In a reversal of precedent, a divided National Labor Relations Board (“NLRB”) held yesterday that employees have a right to use their employers’ email systems for non-business purposes, including statutorily protected communications regarding the terms and conditions of their employment and regarding union organizing efforts. See Purple Communications, Inc., 361 NLRB No. 126 (December 11, 2014). The NLRB’s ruling stemmed from a case brought by the Communications Workers of America union after it unsuccessfully attempted to organize employees of Purple Communications, Inc., a company that provides interpreting services for the deaf and hearing-impaired. The union argued that prohibiting the company’s workers from using the company’s email system for non-business purposes and on behalf of organizations not associated with the company interfered with the CWA’s organizing efforts.
Since the NLRB’s 2007 decision in Register Guard, employers were allowed to prohibit employees from using employer-owned email systems for non-work purposes, including activity protected by Section 7 of the National Labor Relations Act. In Purple Communications, the Administrative Law Judge relied on Register Guard and held that the employer could lawfully limit the use of its email systems in that manner. The NLRB, however, expressly overruled the Register Guard decision, and held:
Consistent with the purposes and policies of the act and our obligation to accommodate the competing rights of employers and employees, we decide today that employee use of email for statutorily protected communications on nonworking time must be presumptively permitted by employers who have chosen to give employees access to their email systems.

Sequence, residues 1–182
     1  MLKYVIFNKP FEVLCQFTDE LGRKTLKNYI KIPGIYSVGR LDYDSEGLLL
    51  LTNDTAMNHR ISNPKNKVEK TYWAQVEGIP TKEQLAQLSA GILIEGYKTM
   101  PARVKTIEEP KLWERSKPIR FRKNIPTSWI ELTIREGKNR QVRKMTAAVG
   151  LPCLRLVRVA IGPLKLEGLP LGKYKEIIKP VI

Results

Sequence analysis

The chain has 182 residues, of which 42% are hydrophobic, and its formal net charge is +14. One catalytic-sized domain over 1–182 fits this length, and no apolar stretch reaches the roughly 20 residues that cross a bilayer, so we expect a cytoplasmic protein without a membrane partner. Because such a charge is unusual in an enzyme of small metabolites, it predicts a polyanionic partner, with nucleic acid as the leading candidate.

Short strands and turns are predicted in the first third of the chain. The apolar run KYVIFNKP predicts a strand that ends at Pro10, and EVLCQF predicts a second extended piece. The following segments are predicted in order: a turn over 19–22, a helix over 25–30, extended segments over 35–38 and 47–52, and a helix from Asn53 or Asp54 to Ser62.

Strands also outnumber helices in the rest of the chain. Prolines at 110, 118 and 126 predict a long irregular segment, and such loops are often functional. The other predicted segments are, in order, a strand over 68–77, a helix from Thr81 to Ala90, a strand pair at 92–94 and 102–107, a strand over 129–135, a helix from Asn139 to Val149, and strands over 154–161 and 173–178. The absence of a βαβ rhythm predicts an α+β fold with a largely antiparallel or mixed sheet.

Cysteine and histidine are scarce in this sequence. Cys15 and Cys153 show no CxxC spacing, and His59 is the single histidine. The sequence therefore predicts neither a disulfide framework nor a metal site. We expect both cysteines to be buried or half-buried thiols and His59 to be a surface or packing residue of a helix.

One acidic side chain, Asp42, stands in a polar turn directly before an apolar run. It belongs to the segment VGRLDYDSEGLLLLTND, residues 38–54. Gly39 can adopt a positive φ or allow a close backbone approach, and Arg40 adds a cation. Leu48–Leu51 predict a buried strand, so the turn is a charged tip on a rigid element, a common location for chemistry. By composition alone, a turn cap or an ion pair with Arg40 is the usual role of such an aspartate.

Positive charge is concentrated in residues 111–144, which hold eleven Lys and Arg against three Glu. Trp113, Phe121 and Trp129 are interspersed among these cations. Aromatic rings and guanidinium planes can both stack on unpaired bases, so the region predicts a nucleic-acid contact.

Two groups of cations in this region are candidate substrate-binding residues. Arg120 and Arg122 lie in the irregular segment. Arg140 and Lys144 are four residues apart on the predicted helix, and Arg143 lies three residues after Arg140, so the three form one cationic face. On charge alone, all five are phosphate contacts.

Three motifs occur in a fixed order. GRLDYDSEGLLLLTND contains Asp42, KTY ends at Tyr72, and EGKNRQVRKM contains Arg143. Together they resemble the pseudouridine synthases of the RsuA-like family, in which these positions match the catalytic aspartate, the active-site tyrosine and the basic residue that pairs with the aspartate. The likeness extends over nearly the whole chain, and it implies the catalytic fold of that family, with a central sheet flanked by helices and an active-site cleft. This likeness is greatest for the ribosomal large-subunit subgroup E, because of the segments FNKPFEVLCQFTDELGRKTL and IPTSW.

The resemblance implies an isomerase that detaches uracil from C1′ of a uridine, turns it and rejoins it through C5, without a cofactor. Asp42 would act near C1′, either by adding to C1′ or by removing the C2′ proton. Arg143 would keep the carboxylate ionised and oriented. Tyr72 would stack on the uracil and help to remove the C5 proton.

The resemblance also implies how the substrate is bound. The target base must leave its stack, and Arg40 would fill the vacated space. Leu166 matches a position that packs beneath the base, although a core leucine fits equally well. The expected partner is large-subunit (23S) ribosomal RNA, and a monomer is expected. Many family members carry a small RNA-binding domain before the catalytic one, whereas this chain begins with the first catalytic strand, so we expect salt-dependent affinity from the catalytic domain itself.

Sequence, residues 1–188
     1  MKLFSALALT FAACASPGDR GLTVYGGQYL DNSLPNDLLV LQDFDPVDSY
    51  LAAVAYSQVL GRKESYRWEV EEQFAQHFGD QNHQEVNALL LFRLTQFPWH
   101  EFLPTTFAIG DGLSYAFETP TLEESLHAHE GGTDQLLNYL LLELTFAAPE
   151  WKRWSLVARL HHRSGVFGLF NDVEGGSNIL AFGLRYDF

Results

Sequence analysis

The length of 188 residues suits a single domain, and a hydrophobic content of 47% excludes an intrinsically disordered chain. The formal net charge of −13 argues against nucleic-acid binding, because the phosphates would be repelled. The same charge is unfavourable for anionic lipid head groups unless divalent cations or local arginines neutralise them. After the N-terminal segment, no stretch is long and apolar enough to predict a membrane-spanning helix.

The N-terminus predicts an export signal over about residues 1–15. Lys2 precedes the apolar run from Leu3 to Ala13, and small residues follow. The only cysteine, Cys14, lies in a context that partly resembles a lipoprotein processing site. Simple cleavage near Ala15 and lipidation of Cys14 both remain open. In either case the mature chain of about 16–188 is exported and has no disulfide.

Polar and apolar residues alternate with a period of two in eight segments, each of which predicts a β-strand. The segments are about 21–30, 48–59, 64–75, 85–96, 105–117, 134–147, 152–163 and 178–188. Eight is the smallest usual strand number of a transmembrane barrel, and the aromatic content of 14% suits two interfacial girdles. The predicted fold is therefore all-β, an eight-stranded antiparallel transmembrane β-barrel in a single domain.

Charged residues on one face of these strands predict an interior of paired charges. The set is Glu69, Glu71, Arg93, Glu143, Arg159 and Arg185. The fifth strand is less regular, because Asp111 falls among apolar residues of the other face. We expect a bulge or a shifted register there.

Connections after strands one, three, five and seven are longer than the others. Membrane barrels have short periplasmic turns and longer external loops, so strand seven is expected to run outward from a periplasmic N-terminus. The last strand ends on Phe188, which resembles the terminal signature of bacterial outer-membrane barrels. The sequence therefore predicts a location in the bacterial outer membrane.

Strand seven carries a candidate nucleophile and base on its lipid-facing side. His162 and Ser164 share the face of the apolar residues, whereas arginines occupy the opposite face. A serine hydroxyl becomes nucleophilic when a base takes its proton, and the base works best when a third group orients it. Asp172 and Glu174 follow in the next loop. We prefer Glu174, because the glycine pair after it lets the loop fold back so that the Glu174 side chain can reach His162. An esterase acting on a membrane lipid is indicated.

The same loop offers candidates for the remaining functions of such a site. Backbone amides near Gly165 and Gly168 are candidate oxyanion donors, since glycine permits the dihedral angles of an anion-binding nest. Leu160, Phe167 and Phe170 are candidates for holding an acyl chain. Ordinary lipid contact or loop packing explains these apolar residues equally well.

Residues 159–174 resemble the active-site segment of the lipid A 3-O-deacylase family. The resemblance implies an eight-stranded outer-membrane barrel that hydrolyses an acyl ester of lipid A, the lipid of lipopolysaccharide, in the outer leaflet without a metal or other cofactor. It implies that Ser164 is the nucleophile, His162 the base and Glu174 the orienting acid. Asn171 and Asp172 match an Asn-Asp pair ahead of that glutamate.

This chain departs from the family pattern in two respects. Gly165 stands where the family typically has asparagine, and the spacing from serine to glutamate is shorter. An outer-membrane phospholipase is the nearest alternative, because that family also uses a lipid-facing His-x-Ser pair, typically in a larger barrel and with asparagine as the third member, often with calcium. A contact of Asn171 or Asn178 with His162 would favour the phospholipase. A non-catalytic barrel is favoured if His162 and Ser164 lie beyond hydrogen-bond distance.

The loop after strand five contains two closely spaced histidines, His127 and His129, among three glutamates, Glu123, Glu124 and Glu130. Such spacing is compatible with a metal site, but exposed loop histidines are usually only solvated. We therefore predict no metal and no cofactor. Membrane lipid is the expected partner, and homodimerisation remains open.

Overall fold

The Board reasoned that the Register Guard decision placed too much emphasis on employers’ property rights and too little on the importance of email as a means of workplace communication and therefore failed to adequately protect employees’ rights under the Act. The majority limited its decision, noting it applied only to workers who have already been granted access to their employer’s email system, and that employers would still have the opportunity to demonstrate that special circumstances necessary to maintain production or discipline justify restricting its employees’ rights.
We will continue monitoring the fallout from this decision, including whether the decision is challenged. At this time, employers are encouraged to review existing communication and email use policies to determine whether they must be rescinded or revised in light of this decision. It is important for employers to make an assessment as to the continuing validity of policies limiting non-business use of email systems, including whether revision to such policies based upon specific business circumstances may insulate a revised policy from challenge under the National Labor Relations Act (NLRA).
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